And it's all the "drama" that ultimately causes the film to go off the rails.  It started with the macaw that somebody brings on board for the voyage.  Dumb bird flies into the ocean and is eaten by a shark which causes one guy to go berserk, haul the shark up with his bare hands and start stabbing the thing to death with blood spattering all over the actors and pouring down between the logs thereby attracting more sharks OHMYGODDRAMA!MOREDRAMA! SHARKS! SHARKS! SHARKS! 

Now, really.  These men we all hard-headed guys.  Practical fellows.  Pragmatists on a survival/ endurance journey that required a close attention to detail.  So, a macaw?? Really? On a raft filled with rope and bamboo and wood?  Anybody know anything about macaws? What they do to amuse themselves day after day?  With their sharp nut-cracking, tree-stripping, wood-chewing, balsa-wood-loving beaks?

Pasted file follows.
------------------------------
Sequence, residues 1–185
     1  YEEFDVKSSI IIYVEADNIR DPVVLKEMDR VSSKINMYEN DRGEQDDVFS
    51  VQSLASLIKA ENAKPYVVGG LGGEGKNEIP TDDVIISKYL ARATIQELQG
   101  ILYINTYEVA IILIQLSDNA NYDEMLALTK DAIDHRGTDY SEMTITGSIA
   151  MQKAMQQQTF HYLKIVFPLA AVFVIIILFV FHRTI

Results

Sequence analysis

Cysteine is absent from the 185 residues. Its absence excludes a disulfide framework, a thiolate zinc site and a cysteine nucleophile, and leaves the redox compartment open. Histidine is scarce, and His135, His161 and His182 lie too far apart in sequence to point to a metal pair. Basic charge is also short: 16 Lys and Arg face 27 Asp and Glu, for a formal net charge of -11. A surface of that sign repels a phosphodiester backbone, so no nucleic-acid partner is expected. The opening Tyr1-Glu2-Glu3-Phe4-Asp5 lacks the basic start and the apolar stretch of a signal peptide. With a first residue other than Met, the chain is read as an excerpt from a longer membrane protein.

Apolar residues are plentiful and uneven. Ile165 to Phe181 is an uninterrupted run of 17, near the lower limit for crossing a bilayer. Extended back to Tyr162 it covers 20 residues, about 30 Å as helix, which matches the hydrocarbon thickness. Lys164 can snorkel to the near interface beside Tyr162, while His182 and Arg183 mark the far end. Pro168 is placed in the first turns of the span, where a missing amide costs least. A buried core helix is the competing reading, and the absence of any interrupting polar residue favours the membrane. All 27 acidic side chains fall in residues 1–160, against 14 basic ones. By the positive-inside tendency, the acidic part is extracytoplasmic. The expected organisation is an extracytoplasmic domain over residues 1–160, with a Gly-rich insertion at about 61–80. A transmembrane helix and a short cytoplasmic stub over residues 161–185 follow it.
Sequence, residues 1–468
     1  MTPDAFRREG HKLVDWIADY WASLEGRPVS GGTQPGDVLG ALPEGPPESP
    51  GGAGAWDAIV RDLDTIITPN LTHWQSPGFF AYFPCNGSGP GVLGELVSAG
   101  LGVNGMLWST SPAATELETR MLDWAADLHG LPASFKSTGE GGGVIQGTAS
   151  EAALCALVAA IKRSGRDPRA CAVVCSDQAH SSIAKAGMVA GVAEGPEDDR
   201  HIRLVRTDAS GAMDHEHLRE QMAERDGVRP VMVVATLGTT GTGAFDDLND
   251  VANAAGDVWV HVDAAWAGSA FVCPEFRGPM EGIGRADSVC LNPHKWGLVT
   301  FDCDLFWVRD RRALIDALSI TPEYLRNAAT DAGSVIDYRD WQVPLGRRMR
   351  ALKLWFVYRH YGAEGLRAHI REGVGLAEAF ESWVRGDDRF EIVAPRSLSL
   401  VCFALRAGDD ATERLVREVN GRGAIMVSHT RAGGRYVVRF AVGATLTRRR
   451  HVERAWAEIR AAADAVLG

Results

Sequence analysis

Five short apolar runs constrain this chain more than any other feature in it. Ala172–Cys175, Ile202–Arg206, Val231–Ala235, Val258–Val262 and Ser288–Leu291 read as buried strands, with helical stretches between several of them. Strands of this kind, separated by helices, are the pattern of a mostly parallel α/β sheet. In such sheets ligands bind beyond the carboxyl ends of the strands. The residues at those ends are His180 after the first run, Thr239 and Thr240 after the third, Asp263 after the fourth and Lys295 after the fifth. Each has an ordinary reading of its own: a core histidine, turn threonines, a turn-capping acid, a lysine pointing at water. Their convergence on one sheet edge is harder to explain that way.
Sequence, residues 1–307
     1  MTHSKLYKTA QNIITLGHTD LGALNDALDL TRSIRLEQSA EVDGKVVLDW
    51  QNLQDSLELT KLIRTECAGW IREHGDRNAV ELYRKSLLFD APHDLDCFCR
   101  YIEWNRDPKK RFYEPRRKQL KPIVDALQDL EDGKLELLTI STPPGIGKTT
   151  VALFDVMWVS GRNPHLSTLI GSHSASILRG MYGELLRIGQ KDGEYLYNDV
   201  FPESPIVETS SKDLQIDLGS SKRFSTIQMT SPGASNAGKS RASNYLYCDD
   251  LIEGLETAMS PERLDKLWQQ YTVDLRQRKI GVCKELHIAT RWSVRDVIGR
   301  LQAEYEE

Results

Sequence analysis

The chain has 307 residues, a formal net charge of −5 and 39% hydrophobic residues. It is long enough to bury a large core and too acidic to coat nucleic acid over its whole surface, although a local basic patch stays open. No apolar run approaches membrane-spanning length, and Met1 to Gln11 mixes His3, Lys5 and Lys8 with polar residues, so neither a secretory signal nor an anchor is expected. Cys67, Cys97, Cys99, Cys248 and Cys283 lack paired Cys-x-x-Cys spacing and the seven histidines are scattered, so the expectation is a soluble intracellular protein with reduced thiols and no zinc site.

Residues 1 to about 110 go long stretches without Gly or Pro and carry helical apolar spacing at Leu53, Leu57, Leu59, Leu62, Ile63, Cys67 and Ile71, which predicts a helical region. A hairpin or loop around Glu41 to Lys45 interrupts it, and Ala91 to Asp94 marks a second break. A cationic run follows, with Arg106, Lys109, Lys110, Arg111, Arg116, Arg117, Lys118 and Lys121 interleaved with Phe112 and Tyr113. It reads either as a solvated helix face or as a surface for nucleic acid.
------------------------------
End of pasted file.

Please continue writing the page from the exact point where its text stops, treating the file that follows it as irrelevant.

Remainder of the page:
Right.  Stick with the book.  Great read.